the Food Standards Agency (FSA) is reiterating its advice and issuing
guidance on the safe handling and cooking of eggs. This information is
being targeted at local authority and contract caterers. The agency's
most vulnerable to the salmonella bug, such as the elderly, young children
and the sick.
The recent outbreaks, which are still continuing, have resulted in two
deaths in the north-west of England. Emerging evidence suggests that not
all food businesses and institutions are following the agency's advice on
egg safety and could be putting people at risk.
A new FSA leaflet on egg safety for catering staff will be widely
distributed free to over 400,000 premises and agencies across the UK,
including catering managers in schools and residential homes.
Dr Roger Skinner, head of microbiological safety at the FSA, said:
'People catering for vulnerable groups in a range of institutions need to
be aware of the importance of handling and cooking eggs safely. So do all
caterers who use eggs. No eggs can be guaranteed to be salmonella-free,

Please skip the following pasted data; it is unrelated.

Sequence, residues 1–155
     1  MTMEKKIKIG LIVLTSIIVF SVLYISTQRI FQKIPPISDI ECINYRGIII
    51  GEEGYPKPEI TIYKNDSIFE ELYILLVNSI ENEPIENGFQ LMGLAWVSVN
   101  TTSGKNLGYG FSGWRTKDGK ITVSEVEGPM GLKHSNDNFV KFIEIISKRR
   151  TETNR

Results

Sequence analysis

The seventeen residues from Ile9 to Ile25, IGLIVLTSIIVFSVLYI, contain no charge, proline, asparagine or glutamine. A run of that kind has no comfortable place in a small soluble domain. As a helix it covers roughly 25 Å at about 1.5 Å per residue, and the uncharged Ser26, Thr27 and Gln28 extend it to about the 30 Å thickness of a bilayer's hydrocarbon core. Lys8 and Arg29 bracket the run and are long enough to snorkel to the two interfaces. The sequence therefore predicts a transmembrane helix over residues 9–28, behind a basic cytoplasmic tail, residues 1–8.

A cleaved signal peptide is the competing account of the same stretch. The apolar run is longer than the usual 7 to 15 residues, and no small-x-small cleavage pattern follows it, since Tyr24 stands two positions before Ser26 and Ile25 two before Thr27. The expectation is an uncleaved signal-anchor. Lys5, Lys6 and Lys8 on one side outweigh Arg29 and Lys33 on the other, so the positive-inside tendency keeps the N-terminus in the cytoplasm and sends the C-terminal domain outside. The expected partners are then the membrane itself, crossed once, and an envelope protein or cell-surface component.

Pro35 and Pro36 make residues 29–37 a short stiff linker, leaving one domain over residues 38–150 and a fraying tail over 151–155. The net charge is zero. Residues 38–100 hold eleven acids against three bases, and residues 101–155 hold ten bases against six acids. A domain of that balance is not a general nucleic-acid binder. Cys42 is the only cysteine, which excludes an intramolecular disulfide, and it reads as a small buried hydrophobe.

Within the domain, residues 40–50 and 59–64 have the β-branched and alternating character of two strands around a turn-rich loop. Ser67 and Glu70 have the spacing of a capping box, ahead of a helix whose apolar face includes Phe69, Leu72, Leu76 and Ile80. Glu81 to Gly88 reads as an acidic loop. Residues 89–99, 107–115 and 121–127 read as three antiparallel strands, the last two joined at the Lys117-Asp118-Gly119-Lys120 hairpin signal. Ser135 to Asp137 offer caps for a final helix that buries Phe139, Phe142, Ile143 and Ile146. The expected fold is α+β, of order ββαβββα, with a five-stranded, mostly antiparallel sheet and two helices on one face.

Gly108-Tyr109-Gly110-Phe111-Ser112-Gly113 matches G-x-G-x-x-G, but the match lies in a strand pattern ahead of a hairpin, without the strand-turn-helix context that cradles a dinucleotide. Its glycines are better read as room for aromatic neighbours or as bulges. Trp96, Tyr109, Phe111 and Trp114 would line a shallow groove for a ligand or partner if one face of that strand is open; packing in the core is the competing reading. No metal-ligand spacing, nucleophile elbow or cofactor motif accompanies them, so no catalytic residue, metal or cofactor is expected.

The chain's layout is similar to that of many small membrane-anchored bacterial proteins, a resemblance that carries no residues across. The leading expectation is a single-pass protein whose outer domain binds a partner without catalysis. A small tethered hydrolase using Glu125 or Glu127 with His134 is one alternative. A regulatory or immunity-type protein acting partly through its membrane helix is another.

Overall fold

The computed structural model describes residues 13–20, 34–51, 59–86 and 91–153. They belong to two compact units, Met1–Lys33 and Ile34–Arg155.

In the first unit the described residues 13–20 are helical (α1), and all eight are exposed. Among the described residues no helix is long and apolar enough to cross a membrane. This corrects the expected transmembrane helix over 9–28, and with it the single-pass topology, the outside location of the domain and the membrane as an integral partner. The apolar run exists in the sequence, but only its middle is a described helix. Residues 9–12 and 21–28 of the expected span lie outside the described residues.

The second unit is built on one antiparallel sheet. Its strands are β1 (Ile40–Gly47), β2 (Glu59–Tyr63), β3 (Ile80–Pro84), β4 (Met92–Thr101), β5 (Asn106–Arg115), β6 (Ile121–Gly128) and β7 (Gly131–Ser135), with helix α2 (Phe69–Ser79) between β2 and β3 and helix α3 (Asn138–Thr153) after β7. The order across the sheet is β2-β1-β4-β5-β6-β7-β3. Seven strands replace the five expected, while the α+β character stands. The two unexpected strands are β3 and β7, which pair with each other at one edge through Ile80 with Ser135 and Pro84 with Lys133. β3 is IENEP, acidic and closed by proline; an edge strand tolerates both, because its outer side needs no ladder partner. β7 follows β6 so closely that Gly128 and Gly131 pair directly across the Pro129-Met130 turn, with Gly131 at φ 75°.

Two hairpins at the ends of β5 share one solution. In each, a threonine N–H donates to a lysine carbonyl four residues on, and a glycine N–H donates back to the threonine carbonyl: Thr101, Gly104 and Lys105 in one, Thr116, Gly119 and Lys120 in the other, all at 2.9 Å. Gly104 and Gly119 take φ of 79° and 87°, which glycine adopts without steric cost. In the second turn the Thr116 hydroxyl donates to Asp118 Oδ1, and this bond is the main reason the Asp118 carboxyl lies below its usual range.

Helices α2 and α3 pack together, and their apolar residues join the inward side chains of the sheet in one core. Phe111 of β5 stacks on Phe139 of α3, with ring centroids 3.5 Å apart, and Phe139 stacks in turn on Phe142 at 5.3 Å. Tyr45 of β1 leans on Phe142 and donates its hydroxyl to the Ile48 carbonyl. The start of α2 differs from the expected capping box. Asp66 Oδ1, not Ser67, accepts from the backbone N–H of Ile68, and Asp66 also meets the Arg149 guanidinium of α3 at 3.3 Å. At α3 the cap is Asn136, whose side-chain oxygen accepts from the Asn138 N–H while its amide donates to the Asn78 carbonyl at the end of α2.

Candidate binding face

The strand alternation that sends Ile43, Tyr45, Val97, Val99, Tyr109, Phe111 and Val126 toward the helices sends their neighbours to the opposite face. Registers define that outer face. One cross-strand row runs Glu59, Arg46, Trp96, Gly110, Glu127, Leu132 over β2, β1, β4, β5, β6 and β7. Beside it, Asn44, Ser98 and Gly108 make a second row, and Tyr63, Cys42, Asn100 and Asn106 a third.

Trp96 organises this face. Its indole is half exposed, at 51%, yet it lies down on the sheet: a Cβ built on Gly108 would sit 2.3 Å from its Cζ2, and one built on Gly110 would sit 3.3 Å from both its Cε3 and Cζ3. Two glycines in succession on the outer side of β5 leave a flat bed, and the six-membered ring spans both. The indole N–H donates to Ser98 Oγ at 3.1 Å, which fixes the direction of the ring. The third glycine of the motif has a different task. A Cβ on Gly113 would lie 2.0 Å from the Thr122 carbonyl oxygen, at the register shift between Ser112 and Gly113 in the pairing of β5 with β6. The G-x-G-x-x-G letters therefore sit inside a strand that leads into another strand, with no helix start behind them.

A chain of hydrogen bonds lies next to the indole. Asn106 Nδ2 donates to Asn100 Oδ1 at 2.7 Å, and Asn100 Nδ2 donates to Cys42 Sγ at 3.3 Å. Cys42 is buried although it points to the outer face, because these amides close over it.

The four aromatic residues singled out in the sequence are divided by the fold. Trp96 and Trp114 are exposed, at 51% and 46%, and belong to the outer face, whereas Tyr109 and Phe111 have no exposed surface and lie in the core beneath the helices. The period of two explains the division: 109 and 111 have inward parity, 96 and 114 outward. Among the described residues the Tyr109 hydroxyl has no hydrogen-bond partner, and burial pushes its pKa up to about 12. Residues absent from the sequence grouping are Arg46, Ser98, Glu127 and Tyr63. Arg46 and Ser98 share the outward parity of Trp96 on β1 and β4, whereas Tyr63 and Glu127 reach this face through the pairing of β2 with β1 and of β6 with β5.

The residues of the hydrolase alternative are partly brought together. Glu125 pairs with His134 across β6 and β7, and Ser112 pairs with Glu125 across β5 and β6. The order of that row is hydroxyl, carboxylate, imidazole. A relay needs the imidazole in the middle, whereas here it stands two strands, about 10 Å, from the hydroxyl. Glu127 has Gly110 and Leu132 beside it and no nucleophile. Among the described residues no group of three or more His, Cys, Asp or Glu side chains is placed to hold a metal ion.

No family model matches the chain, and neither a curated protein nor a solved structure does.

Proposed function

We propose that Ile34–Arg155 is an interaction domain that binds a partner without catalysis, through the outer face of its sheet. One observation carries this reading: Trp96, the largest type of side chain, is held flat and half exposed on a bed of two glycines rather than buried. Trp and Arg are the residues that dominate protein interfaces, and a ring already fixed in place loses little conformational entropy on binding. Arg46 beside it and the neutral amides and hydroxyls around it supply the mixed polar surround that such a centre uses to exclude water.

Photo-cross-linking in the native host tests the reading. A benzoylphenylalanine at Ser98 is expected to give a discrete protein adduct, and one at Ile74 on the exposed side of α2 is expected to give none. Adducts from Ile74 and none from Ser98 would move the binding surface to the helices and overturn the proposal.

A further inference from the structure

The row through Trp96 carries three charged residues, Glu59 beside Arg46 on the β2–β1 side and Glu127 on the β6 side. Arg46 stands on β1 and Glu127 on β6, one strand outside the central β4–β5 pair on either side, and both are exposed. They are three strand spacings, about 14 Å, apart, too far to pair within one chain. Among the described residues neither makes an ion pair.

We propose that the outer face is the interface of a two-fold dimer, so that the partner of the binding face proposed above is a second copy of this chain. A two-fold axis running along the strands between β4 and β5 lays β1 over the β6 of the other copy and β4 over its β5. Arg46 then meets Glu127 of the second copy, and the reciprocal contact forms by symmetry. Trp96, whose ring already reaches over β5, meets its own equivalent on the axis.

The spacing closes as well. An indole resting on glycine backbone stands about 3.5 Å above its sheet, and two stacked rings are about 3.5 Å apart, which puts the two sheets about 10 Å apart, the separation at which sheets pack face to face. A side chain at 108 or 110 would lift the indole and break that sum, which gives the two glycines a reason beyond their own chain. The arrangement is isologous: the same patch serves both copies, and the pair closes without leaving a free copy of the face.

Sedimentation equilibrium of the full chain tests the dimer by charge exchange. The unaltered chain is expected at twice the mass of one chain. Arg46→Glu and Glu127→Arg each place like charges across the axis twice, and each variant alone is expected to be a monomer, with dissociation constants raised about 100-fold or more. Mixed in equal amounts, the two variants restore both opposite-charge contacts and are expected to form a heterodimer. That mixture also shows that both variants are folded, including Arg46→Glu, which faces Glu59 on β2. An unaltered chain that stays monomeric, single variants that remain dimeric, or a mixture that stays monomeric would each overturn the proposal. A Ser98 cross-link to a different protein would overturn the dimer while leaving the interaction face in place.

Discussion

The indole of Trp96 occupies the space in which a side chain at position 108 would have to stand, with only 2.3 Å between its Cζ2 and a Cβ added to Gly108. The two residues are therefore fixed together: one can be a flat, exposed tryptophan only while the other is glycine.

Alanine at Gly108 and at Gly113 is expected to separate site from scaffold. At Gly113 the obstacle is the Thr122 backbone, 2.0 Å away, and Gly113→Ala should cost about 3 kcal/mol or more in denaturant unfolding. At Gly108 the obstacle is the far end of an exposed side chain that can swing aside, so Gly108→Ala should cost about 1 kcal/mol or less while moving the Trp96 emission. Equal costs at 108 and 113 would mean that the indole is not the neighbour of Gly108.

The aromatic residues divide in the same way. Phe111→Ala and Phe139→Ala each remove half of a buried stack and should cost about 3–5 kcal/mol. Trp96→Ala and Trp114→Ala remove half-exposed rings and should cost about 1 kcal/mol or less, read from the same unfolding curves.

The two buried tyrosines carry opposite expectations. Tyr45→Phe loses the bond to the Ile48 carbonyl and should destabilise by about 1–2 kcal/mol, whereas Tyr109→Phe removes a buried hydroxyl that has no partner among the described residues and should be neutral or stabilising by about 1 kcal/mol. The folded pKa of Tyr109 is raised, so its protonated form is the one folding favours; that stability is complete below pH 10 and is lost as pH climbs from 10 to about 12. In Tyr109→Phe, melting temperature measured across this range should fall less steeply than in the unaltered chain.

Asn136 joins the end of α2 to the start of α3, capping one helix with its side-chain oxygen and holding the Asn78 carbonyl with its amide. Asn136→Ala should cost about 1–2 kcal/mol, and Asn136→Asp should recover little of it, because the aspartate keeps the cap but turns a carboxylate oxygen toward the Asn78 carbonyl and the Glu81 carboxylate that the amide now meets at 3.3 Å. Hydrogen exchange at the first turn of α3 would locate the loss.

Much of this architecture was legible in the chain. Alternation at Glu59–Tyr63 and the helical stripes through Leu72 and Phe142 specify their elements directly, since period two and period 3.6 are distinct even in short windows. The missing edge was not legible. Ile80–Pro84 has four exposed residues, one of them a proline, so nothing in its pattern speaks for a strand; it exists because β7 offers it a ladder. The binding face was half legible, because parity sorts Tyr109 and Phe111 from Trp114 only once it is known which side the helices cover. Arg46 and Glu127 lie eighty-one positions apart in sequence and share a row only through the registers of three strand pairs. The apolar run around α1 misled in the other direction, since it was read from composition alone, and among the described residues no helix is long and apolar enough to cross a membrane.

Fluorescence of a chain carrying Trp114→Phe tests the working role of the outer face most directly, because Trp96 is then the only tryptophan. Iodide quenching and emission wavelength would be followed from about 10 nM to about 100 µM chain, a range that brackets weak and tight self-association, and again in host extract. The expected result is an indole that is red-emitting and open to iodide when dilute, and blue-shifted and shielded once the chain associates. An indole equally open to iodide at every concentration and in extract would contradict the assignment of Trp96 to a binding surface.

whatever the source or brand. There is a smaller chance that eggs from
vaccinated flocks will contain salmonella, but care still needs to be
taken. It's always best to buy eggs from a reputable supplier.'
The new FSA leaflet will contain the following advice on egg safety:
- Keep eggs away from other foods, when they are still in the shell and
when they are cracked open.
- Don't use damaged or dirty eggs.
- Be careful not to splash raw egg onto other foods, surfaces or dishes.
- Cook eggs and foods containing eggs thoroughly.
- Use pasteurised egg for raw or lightly cooked foods.
- Always wash and dry hands thoroughly after touching eggs or working with
- Clean food areas, dishes and utensils thoroughly, using warm soapy
water, after working with eggs.
- Serve egg dishes straight away, or cool them quickly and keep chilled.
Cooking eggs properly is essential as this effectively kills any bacteria.
But good hygiene practises will also prevent the spreading of salmonella
around the kitchen and onto other foods. Salmonella can be present on the
shell as well as inside the eggs.
The use of pasteurised egg is particularly important where foods are
uncooked or only lightly cooked, such as mayonnaise, bearnaise and
hollandaise sauces, some salad dressings, ice cream, icing, mousse,
tiramisu and other desserts containing eggs. Pasteurised egg can be bought
frozen, or in liquid or powder form.
For more information please check the agency's website www.food.gov.uk or
if you would like a copy of the Egg Safety leaflet contact FSA Publications
on 0845 606 0667 or minicom 0845 606 0678 or email